Balzer, Philipp, Klaus Peter Rippe, and Peter Schaber. "Two concepts of dignity for humans and non-human organisms in the context of genetic engineering." Journal of Agricultural and Environmental Ethics 13, no. 1 (2000): 7-27.

Clark, Stephen RL. "Genetic and other engineering." Journal of applied philosophy 11, no. 2 (1994): 233-237.

De Vries, Rob. "Genetic engineering and the integrity of animals." Journal of Agricultural and Environmental Ethics 19, no. 5 (2006): 469-493.

Heeger, Robert. “Genetic engineering and the dignity of creatures” Journal of Agricultural and Environmental Ethics 13 (2000): 43-51.

Henschke, Adam. "Making sense of animal disenhancement." NanoEthics 6, no. 1 (2012): 55-64.

Kass, Leon. “The Wisdom of Repugnance.” The New Republic. June 2, 1997.

Midgley, Mary. "Biotechnology and monstrosity: why we should pay attention to the “yuk factor”." Hastings Center Report 30, no. 5 (2000): 7-15.

Palmer, Clare. “Animal Disenhancement and the Non-Identity Problem: A Response to Thompson.” Nanoethics 5 (2011): 43-48. 

Regan, Tom. The Case for Animal Rights. Berkeley: University of California Press, 1983.  

Rollin, Bernard. The Frankenstein Syndrome: Ethical and Social Issues in the Genetic Engineering of Animals. Cambridge University Press, 1995.

Schultz-Bergin, Marcus. "Making better sense of animal disenhancement: a reply to Henschke." NanoEthics 8, no. 1 (2014): 101-109.

Singer, Peter. Animal Liberation. Revised Edition. Harper-Collins, 2002.

Thompson, Paul B. "Ethics and the genetic engineering of food animals." Journal of Agricultural and Environmental Ethics 10, no. 1 (1997): 1-23.

Thompson, Paul B. "The opposite of human enhancement: nanotechnology and the blind chicken problem." Nanoethics 2 (2008): 305-316.

  • [1]The ethical dilemma and the example of the blind chickens are found in Thompson (2008).

The author wishes to acknowledge the contributions of Karin Ellison, OEC - Life and Environmental Sciences Editor, and Joseph Herkert, OEC Engineering co-Editor. They provided valuable input in selecting topics and crafting the resources.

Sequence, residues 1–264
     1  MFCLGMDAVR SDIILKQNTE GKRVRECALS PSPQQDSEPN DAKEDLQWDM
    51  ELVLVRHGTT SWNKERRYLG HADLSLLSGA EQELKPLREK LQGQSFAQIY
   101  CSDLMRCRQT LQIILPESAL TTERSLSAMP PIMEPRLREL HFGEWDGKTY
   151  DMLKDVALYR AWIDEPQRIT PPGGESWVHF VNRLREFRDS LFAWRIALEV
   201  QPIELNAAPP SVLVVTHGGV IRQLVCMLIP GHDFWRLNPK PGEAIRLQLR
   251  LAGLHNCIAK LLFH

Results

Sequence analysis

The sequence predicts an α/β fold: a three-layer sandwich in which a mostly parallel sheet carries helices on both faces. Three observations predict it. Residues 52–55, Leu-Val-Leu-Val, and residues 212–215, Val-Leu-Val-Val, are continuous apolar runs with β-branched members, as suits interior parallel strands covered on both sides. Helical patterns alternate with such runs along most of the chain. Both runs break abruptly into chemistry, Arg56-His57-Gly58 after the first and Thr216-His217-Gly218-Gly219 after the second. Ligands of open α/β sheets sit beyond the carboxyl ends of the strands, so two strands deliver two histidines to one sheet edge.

This material is based upon work supported by the National Science Foundation under Award No. 1355547, Karin Ellison and Joseph Herkert, Arizona State University sub-award Co-PIs. Any opinions, findings, and conclusions or recommendations expressed in this material are those of the author(s) and do not necessarily reflect the views of the National Science Foundation.

Philosophers and ethicists have recently brought attention to some arguments for the moral permissibility (and, in some cases, the moral imperative) of adopting animal disenhancement technologies if (and, more likely, when) they become available. First, if our goal is to reduce overall animal suffering, and animal disenhancement would reduce or eliminate the ability to suffer in animals, then we ought to accept animal disenhancement as a moral imperative. This reasoning follows closely the logic of the utilitarian argument presented by Peter Singer to reduce animal suffering (Singer 2002).

Second, from an animal rights view, Tom Regan has argued that we should not treat animals solely in an instrumental way because in doing so we violate them as “subjects of a life” (Regan 1983). But, according to this line of argument, if disenhancement entails a lack of consciousness in animals, then they cannot be “subjects of a life,” and therefore they no longer have any moral status (Thompson 2008; Palmer 2011). Other arguments have been made to support interventions to reduce animal suffering while maintaining current industrial practices in cases like using animals for scientific research. For example, Bernard Rollin has argued for the “Principle of Welfare Conservation” (Rollin 1995). According to his principle, disenhancement is morally acceptable if it did not “create animals that were more likely to experience pain, suffering, or other deprivations of welfare as a result” (Thompson 2008, 310). As is evident, both consequentialist and non-consequentialist arguments have been made to support the proposal of animal disenhancement as a moral gain.